The Swiss agrochemicals giant Syngenta is trying to prevent the expropriation of a farm used for testing transgenic seeds in Brazil.
The state government of Parana confiscated the 143-hectare property near the famous Iguaçu waterfalls last November after the governor decided the property would become an educational centre for environment-friendly agriculture.
Syngenta has asked a state court in Parana for an injunction to stop the expropriation, saying it wants to continue research at the site and claiming that there are better locations for the educational centre.
"We found legal grounds to challenge the governor's decision," said Syngenta spokesman Medard Schoenmaeckers. The company warns it is prepared to take its case all the way through the Brazilian justice system.
The facility has been at the heart of a legal battle over its testing of genetically modified (GM) soya bean and corn.
Last year, Syngenta was hit with a SFr600,000 ($461,000) fine imposed by Brazil's environmental agency, Ibama, for planting transgenic seeds close to a protected nature reserve.
Ibama said the company broke the law by planting 30 acres of transgenic soy six kilometres from Iguaçu National Park, inside a ten-kilometre exclusion zone.
Basel-based Syngenta strongly denied any wrongdoing, claiming the GM crop was outside the protected area.
The company stressed that it had all the necessary legal permits from the National Technical Commission for Biosecurity for its experiments. Syngenta believes that it was the victim of a power struggle between the commission and Ibama.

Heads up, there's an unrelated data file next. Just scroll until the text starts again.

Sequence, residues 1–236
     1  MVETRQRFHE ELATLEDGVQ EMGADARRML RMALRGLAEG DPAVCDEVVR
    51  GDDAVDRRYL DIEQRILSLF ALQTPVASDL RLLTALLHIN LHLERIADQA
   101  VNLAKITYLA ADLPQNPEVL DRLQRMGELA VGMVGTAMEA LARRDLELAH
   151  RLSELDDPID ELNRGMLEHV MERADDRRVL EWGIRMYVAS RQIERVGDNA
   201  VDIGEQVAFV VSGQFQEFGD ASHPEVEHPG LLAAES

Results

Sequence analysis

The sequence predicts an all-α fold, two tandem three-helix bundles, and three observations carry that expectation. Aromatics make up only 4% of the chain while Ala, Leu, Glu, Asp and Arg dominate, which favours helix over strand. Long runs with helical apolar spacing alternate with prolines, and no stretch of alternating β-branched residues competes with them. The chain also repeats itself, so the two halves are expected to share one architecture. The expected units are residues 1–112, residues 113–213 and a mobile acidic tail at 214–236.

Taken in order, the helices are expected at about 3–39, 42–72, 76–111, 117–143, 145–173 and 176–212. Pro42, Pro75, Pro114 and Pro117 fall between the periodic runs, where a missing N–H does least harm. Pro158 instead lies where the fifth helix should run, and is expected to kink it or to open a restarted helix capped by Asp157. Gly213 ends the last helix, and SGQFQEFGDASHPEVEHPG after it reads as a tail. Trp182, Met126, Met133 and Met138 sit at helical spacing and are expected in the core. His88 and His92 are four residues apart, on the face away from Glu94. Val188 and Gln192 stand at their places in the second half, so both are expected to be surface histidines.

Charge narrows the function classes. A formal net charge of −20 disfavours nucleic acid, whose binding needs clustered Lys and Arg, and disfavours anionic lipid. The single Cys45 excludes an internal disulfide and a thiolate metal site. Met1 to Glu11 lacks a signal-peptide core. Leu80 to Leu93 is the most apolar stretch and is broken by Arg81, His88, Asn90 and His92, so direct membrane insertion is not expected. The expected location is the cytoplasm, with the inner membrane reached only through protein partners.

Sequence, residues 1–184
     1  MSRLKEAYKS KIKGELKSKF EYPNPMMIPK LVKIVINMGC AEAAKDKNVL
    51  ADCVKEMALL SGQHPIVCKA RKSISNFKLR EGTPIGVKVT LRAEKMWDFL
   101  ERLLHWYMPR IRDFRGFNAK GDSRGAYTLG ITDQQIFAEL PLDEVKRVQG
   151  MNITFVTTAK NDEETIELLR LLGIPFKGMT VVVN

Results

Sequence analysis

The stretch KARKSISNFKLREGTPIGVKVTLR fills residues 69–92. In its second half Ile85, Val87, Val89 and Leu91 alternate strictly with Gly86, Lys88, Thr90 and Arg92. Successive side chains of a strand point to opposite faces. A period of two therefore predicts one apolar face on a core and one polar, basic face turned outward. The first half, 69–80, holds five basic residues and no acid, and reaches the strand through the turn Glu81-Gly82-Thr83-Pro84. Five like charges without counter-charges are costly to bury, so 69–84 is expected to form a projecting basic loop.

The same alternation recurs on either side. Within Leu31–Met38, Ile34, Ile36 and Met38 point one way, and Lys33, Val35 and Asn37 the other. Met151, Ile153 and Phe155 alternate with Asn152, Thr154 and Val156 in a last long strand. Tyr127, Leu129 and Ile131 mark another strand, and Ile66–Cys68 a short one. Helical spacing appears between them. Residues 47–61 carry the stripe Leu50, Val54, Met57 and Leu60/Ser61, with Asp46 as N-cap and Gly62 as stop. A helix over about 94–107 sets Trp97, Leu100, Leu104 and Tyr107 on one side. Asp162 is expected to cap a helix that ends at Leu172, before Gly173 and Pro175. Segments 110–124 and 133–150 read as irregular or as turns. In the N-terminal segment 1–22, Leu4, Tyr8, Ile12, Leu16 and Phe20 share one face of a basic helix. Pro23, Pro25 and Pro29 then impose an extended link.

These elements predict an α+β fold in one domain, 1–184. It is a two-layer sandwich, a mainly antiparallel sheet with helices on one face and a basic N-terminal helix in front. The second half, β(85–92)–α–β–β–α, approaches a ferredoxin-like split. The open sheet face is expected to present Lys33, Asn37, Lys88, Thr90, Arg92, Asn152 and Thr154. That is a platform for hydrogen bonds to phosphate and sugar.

The Parana state prosecutor has since ruled that the Swiss firm did indeed have all the authorisations required to carry out its research and dismissed an inquiry.
The company has been left to wonder if the expropriation is politically motivated and was caused by the prosecutor's decision. "The governor has certainly expressed an anti-GM stance in the past," Schoenmaeckers told swissinfo.
Syngenta is confident though that the governor's position is not representative of the entire local community. "We have been present since 1988 and we haven't found much hostility among local farmers to our work," added Schoenmaeckers.
There has been no work carried out at the facility since last March.
Several hundred small farmers and peasants from the Via Campesina movement opposed to biotech crops developed by Syngenta invaded the farm in March last year and camped there to publicize their claims that the firm was conducting illegal research into genetically modified soy and corn crops.
The expropriation decree has also ensured that none of the company's researchers can return to the site. Syngenta is hoping that its appeal will be accepted within the next eight months.
swissinfo with agencies
Basel-based Syngenta is a world leader in crop protection and ranks third in the high-value commercial seeds market.
The company reported strong profit growth for 2005 – up 25% to $779 million (SFr1 billion).
Sales for 2005 were approximately $8.1 billion.
For the first nine months of 2006 sales were 1% lower at $6.61 billion.
Syngenta employs more than 19,000 people in over 90 countries.